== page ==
The Naval War of 1812

- Chapter Section Navigation
The Cruise of the U.S. Fleet under Commodore John Rogers
Independent Frigate Actions of the United States in the War of 1812
Battle on the Lakes
War on the Chesapeake Bay
The Battle of New Orleans
The Peace of Ghent and the Future of the U.S. Navy
Documents


The Battle of New Orleans

The initial goal of the British attack on New Orleans was to relieve Canada from military pressure. By the time the campaign began, however, the main objective had become, in the words of the British, to "deprive the back settlements of America of their communication with the sea" and "to occupy some important and valuable possessions, by the restoration of which the conditions of peace might be improved...."

Battle of New Orleans. Historical Atlas of the U.S. Navy. Naval Institute Press.
The British invasion forces sailed from Jamaica and moved westward across the Gulf Coast during the latter months of 1814, with the city of New Orleans as their goal. Defending the city was Major General Andrew Jackson.
Major General Andrew Jackson defended New Orleans in the War of 1812.
Along with free black refugees from Santo Domingo, Jackson augmented his forces with Baratarian pirates under the leadership of Jean Lafitte. Although he had referred to the pirates as "hellish Banditti," he needed their manpower and armaments and was greatly assisted by their knowledge of the terrain.

The British proceeded toward New Orleans, planning to attack from the east via Lake Borgne. As the British forces headed to the mouth of the lake, they found their way blockaded by an American naval force under the command of Lieutenant Thomas ap Catesby Jones and his force of 185 men and five gunboats. Jones had been instructed and armed as a lookout, but on December 14, the small American contingent faced a British force of forty-five boats and twelve hundred men.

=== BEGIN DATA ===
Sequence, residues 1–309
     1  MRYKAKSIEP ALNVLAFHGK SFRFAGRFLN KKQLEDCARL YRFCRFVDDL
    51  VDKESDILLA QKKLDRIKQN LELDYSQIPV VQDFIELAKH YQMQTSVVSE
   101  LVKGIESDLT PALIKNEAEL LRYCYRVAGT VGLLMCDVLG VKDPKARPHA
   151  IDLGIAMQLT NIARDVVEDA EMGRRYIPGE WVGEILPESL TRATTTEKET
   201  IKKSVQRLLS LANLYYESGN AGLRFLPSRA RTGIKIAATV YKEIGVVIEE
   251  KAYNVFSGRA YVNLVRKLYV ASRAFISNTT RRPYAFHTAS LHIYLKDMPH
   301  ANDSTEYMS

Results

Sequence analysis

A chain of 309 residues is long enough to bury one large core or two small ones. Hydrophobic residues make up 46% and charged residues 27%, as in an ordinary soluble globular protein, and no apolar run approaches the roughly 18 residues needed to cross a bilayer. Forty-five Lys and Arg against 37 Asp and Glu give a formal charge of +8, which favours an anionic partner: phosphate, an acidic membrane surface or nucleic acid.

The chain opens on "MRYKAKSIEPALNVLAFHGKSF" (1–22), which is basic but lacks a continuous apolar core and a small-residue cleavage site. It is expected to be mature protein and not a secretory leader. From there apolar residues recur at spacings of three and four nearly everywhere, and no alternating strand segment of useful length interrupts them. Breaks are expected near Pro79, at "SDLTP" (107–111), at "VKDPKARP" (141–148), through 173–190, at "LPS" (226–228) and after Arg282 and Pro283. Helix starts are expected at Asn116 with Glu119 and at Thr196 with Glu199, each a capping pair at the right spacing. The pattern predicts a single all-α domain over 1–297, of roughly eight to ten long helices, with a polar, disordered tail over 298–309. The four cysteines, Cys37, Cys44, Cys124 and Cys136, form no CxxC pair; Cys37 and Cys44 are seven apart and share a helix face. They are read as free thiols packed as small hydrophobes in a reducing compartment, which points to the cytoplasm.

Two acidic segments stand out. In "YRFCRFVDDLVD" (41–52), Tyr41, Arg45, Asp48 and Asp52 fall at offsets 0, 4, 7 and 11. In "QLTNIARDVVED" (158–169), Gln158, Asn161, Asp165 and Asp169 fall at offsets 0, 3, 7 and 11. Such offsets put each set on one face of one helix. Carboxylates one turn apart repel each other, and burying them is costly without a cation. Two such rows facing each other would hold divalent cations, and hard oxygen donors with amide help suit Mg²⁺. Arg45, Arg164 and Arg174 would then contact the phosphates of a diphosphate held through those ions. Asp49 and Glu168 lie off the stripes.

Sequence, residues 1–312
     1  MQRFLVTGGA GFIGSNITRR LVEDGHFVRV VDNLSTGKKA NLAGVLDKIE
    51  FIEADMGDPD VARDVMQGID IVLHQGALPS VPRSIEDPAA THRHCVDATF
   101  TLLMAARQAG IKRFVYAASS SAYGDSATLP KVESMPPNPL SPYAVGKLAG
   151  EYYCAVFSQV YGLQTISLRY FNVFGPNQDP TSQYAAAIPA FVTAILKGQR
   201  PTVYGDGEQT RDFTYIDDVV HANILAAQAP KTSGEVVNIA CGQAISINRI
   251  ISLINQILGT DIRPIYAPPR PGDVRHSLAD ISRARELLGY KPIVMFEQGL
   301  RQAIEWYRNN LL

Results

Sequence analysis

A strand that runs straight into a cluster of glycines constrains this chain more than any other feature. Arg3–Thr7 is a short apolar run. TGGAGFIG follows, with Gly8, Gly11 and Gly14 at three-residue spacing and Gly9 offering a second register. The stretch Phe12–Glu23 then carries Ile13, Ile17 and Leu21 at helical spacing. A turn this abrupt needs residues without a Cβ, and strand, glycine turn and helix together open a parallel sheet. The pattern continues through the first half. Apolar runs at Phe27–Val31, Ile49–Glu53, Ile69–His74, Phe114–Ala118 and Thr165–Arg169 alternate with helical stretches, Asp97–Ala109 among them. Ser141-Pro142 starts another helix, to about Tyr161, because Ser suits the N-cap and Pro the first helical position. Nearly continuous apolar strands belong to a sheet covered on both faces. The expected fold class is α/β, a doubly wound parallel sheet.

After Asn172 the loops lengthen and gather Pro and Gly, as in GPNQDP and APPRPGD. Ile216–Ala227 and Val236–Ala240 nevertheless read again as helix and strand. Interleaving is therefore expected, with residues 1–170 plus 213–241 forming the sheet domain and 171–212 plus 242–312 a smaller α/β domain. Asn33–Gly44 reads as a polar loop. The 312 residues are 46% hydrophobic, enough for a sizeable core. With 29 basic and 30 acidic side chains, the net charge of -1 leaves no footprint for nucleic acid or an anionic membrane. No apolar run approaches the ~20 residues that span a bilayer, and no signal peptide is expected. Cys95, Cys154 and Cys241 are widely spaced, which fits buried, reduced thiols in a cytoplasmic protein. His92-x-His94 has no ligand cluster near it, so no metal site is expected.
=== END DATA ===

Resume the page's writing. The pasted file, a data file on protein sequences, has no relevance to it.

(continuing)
Battle on Lake Borgne. From the collections of The Mariners' Museum.
In the end, the British were victorious. Approximately forty Americans were killed or wounded and Jones, his ships, and his men were captured. Although this was a defeat for the Americans, the battle delayed the British attack on New Orleans, giving the city additional time to prepare for the onslaught.

From Lake Borgne, the British marched to a plantation a mere eight miles south of New Orleans on the Mississippi River. Commanding the American forces, Andrew Jackson marched eighteen hundred men to within a mile of the British camp. Along with his troops, Jackson was supported by two ships, the Carolina (fourteen guns) and the Louisiana (twenty-two guns). On the evening of December 23, the Carolina began to fire on the British encampment while American troops attacked.

After the battle, Jackson was able to pull his troops back and build a series of earthworks between the British forces and New Orleans while the Carolina and the Louisiana continued to bombard British positions.
Battle on Lake Borgne. From the collections of The Mariners' Museum.
On December 27, the Carolina caught fire after being hit by a heavy barrage of heated ordinance or "hot shot." The British tried to advance against the American troops on December 28, but they were thwarted by heavy fire from both the American troops and the Louisiana.

The Battle of New Orleans culminated on January 8, 1815, with the launch of a major British offensive on the city. The British experienced a disastrous defeat, including the death of Lieutenant General Sir Edward Pakenham and the loss of approximately two thousand men. Only seventy men were lost on the American side. Although the Treaty of Ghent was already on its way to being signed by Congress, the Battle of New Orleans served to boost American morale and create the popular belief that the United States had won the war.

Continue to:
The Peace of Ghent and the Future of the U.S. Navy

Copyright © 2000 The Mariners' Museum. All Rights Reserved.